Class VI Advanced sclerosing =90% of glomeruli involved without residual activity[96]



Chronic lesions and sclerosis



Source  (except as noted otherwise) Weening JJ, D'Agati VD, Schwartz MM, et al. The classification of glomerulonephritis in systemic lupus erythematosus revisited. J Am Soc Nephrol. Feb 2004;15(2):241-50.[103]



SLE = systemic lupus erythematosus.



Histologic images of a normal renal cortex and of various stages of SLE are shown below.

Histologic image of a normal renal cortex, includi Histologic image of a normal renal cortex, including the glomerulus (1) and proximal (2) and distal (3) convoluted tubule. [Image from Wikipedia: http://en.wikipedia.org/wiki/File:Histology-kidney.jpg]
Mesangial proliferative lupus nephritis with moder Mesangial proliferative lupus nephritis with moderate mesangial hypercellularity. International Society of Nephrology/Renal Pathology Society 2003 class II (×200, hematoxylin-eosin).
Focal lupus nephritis. International Society of Ne Focal lupus nephritis. International Society of Nephrology/Renal Pathology Society 2003 class III (×200, immunofluorescence).
Membranous lupus nephritis showing thickened glome Membranous lupus nephritis showing thickened glomerular basement membrane. International Society of Nephrology/Renal Pathology Society 2003 class V (×200, silver stain).

Skin biopsies

Skin biopsy can help in diagnosing SLE or unusual rashes in patients with this condition. Many different rashes may herald SLE, making review by a dermatopathologist important.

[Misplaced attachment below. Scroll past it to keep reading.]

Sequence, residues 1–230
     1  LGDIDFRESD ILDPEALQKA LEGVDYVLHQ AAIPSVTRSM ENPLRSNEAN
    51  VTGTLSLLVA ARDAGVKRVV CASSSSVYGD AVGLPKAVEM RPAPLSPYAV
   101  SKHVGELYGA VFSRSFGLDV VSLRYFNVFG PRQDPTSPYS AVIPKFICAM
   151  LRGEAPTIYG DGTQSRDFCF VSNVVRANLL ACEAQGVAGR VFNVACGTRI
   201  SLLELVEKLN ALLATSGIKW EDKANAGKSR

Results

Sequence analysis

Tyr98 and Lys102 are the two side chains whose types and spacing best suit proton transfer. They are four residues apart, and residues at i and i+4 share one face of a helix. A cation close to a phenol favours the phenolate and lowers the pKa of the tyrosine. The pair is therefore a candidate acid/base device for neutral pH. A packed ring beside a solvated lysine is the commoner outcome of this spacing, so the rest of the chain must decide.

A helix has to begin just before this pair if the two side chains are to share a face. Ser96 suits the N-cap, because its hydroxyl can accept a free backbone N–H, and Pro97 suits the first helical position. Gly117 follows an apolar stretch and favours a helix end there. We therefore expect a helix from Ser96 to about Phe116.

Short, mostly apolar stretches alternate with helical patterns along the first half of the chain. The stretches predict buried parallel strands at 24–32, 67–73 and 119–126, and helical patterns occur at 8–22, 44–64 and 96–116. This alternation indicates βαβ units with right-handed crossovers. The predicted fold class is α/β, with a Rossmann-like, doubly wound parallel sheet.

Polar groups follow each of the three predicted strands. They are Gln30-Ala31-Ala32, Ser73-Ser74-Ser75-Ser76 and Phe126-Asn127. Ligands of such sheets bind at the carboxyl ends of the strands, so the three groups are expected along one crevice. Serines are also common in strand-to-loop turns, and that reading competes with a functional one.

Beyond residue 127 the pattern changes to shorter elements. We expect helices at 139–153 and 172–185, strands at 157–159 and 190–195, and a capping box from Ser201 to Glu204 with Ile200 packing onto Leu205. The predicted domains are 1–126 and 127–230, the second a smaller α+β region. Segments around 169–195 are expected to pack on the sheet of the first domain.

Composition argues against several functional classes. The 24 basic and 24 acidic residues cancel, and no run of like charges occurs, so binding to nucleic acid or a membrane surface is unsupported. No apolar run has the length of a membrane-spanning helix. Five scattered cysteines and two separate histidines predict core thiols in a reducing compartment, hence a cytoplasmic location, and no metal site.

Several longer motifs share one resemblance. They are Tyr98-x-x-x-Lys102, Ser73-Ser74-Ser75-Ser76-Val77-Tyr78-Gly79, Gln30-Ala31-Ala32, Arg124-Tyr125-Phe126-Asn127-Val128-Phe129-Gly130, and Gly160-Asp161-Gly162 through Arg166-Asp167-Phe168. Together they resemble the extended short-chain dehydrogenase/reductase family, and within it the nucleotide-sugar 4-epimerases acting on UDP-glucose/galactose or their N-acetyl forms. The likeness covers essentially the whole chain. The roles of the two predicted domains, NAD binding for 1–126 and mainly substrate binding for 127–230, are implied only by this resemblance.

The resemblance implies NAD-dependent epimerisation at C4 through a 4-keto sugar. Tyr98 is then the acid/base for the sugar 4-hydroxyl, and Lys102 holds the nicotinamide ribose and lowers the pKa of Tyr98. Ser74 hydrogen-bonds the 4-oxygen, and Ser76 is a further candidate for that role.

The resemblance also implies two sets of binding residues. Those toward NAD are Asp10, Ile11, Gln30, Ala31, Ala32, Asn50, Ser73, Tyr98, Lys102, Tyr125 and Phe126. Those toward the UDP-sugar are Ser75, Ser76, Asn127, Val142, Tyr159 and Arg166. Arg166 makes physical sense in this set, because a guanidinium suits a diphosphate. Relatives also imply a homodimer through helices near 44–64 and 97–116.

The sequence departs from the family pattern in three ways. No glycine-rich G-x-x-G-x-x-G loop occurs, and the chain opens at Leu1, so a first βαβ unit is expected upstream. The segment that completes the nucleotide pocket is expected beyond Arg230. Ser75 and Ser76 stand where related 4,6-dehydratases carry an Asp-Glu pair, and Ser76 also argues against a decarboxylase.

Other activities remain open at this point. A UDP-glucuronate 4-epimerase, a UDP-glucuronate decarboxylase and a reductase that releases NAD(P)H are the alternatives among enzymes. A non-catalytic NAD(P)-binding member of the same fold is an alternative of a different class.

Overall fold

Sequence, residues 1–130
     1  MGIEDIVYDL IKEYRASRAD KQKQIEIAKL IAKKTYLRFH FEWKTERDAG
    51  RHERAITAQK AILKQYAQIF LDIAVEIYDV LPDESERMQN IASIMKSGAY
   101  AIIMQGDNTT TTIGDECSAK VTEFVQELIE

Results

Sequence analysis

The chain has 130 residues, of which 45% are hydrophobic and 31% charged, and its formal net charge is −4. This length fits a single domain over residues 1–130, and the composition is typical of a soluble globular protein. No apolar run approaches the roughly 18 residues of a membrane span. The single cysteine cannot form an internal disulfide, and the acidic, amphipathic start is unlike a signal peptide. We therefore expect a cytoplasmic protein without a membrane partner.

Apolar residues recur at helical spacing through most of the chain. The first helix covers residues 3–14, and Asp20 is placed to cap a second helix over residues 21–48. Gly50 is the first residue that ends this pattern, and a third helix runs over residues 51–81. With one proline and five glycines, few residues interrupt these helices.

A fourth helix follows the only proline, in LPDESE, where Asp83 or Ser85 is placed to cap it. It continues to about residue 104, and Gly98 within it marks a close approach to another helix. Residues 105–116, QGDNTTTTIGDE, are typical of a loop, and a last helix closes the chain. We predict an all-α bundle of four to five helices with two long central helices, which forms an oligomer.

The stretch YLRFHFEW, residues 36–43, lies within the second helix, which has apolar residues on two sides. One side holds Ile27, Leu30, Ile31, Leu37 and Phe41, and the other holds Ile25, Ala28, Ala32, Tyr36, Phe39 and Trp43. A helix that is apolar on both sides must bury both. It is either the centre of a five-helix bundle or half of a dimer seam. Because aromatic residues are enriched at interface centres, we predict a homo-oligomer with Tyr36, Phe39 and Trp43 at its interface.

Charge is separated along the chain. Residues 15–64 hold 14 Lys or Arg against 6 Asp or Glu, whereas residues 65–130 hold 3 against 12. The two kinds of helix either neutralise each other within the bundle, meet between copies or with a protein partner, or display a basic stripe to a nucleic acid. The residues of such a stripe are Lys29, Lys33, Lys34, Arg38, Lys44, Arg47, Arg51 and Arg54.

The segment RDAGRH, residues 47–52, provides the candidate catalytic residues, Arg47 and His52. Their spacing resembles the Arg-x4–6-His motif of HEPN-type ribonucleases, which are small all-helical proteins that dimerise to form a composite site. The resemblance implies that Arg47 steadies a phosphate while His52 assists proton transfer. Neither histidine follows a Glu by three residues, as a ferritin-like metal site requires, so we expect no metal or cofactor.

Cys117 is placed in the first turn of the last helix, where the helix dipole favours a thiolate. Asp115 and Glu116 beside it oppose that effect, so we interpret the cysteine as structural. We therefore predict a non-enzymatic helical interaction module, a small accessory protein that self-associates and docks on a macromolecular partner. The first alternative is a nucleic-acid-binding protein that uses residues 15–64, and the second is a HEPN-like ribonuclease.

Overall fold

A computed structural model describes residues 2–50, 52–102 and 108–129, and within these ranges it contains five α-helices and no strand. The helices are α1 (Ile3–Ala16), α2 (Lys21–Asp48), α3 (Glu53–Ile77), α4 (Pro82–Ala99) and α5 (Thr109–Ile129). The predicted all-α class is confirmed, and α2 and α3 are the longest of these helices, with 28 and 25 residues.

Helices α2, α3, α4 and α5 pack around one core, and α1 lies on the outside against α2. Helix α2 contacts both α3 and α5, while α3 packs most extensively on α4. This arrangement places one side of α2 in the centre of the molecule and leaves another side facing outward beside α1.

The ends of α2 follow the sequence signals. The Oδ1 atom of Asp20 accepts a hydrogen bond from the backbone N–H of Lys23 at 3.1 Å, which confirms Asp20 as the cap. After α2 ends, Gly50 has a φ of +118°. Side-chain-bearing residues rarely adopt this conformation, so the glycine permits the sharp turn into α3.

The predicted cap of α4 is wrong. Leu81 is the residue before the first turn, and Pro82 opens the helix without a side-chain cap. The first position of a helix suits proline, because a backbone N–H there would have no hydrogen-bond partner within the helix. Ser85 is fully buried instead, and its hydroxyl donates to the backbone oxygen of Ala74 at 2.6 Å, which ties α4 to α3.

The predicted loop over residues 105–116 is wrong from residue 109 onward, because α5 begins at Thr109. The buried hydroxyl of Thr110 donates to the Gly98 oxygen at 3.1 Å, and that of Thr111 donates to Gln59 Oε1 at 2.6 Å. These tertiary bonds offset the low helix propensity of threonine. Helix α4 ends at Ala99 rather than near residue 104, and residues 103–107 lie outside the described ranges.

Lupus skin rash often demonstrates inflammatory infiltrates at the dermoepidermal junction and vacuolar change in the basal columnar cells. Discoid lesions demonstrate more-significant skin inflammation, with hyperkeratosis, follicular plugging, edema, and mononuclear cell infiltration at the dermoepidermal junction. In many SLE rashes, immunofluorescent stains demonstrate immunoglobulin and complement deposits at the dermoepidermal basement (see the images below).

Lupus band test. Microphotograph of a histologic s Lupus band test. Microphotograph of a histologic section of human skin prepared for direct immunofluorescence using an anti-IgG antibody. The skin is from a patient with systemic lupus erythematosus and shows IgG deposit at 2 different places: the first is a band-like deposit along the epidermal basement membrane ("lupus band test" is positive); the second is within the nuclei of the epidermal cells (anti-nuclear antibodies).
Microphotograph of a fixed Hep-2 line cell prepare Microphotograph of a fixed Hep-2 line cell prepared for indirect immunofluorescence. The preparation was exposed to a serum of a patient with systemic lupus erythematosus and labeled using a murine anti-human immunoglobulin G (IgG) antibody. It shows IgG deposit in the nucleus and nonspecific deposit in the cytoplasm.
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Contributor Information and Disclosures
Author

Christie M Bartels, MD, MS Assistant Professor of Rheumatology, Department of Medicine, University of Wisconsin School of Medicine and Public Health

Christie M Bartels, MD, MS is a member of the following medical societies: American College of Physicians-American Society of Internal Medicine, American College of Rheumatology

Disclosure: Received research grant from: Independent Grants for Learning and Change (Pfizer).

Coauthor(s)

Daniel Muller, MD, PhD Associate Professor of Medicine, Department of Medicine, Section of Rheumatology, University of Wisconsin School of Medicine and Public Health

Daniel Muller, MD, PhD is a member of the following medical societies: American Holistic Medical Association, American College of Physicians-American Society of Internal Medicine, American College of Rheumatology